Since the pioneering work of Damadian (1971), the longitudinal T-1-relaxation of nuclear magnetic resonance (NMR) has been reported to generate significant contrast between cancer and healthy tissues at low magnetic fields. However, low NMR sensitivity was a substantial obstacle. Fast field cycling NMR (FFC-NMR) can overcome this problem and is commercially available for physics/chemistry research since around the years 2000s. Herein, using FFC-NMR in vivo, we show that T-1-relaxation measured at very low fields is sensitive to transmembrane water exchange, thus allowing the discrimination between glioma invasion/migration and proliferation. Aquaporins 4 and 1 are found to be upregulated in invasion/migration, indicating that water exchange modulates T-1-relaxations in glioma, via these aquaporins action. Overall, results suggest that, by blocking the aquaporin functions, the T-1-relaxation should decrease in invasion/migration glioma. Results also stipulate that the entire invasion/migration volume could be visualized by FFC imaging, noninvasively. This may impact the medical community since invasion/migration delineation remains challenging by any medical imaging modality. This work shows that the longitudinal relaxation differences observed at very low magnetic fields between invasion/migration and proliferation processes on glioma mouse models in vivo are related to differences in the transmembrane water exchange basically linked to the aquaporin expression changes. Three glioma mouse models were used: Glio6 and Glio96 as invasion/migration models and U87 as cell proliferation model. In vivo proton longitudinal relaxation-rate constants (R-1) at very low fields were measured by fast field cycling NMR (FFC-NMR). The tumor contribution to the observed proton relaxation rate, R-1(tum) (U87: 12.26 +/- 0.64 s(-1); Glio6: 3.76 +/- 0.88 s(-1); Glio96: 6.90 +/- 0.64 s(-1) at 0.01 MHz), and the intracellular water lifetime, tau(in) (U87: 826 +/- 19 ms; Glio6: 516 +/- 8 ms; Glio96: 596 +/- 15 ms), were found to be good diagnostic hallmarks to distinguish invasion/migration from proliferation (p < 0.01 and 0.001). Overexpression of AQP4 and AQP1 were assessed in invasion/migration models, highlighting the pathophysiological role of these two aquaporins in water exchange that, in turn, determine the lower values in the observed R-1 relaxation rate constant in glioma invasion/migration. Overall, our findings demonstrate that tau(in) and R-1 (measured at very low fields) are relevant biomarkers, discriminating invasion/migration from proliferation in vivo. These results highlight the use of FFC-NMR and FFC-imaging to assess the efficiency of drugs that could modulate aquaporin functions.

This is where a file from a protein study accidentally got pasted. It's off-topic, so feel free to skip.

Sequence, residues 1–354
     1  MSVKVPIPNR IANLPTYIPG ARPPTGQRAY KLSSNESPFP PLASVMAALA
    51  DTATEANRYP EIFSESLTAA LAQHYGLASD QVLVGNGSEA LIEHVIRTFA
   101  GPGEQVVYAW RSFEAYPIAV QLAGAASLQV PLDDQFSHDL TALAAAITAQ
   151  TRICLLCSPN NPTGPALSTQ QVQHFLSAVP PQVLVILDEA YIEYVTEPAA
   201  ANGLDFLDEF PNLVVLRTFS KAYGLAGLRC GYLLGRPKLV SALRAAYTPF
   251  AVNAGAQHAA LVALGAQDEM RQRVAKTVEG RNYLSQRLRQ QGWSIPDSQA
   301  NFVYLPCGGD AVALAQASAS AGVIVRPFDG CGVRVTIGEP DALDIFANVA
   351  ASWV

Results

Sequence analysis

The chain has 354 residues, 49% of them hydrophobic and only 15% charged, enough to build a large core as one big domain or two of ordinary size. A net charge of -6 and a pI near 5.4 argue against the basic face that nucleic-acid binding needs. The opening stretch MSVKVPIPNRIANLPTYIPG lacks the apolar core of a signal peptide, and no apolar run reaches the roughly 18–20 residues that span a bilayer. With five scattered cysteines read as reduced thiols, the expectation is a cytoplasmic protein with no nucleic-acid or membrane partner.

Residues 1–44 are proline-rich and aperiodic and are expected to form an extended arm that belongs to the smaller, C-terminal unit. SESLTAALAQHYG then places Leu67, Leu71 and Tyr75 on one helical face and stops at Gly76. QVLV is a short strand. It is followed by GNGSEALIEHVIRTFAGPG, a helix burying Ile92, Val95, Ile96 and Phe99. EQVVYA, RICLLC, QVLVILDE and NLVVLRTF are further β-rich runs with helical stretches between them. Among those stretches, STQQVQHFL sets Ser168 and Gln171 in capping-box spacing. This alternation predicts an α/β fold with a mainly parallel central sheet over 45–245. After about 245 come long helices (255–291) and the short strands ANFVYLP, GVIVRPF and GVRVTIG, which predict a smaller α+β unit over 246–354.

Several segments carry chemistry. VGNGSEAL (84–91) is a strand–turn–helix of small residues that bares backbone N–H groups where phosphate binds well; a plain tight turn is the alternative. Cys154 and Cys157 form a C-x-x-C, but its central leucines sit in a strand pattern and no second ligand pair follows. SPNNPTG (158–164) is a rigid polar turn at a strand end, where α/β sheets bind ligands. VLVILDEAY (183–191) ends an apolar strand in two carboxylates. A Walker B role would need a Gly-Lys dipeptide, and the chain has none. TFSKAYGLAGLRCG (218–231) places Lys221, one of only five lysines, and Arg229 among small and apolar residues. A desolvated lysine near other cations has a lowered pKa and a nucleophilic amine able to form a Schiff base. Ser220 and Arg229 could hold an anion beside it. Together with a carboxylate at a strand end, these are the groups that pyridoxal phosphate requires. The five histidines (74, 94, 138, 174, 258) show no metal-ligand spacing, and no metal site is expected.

Role of Transmembrane Water Exchange in Glioma Invasion/Migration: In Vivo Preclinical Study by Relaxometry at Very Low Magnetic Field

Ruggiero, Maria Rosaria
First
;
Baroni, Simona;Aime, Silvio;Geninatti Crich, Simonetta;
2022-01-01

Abstract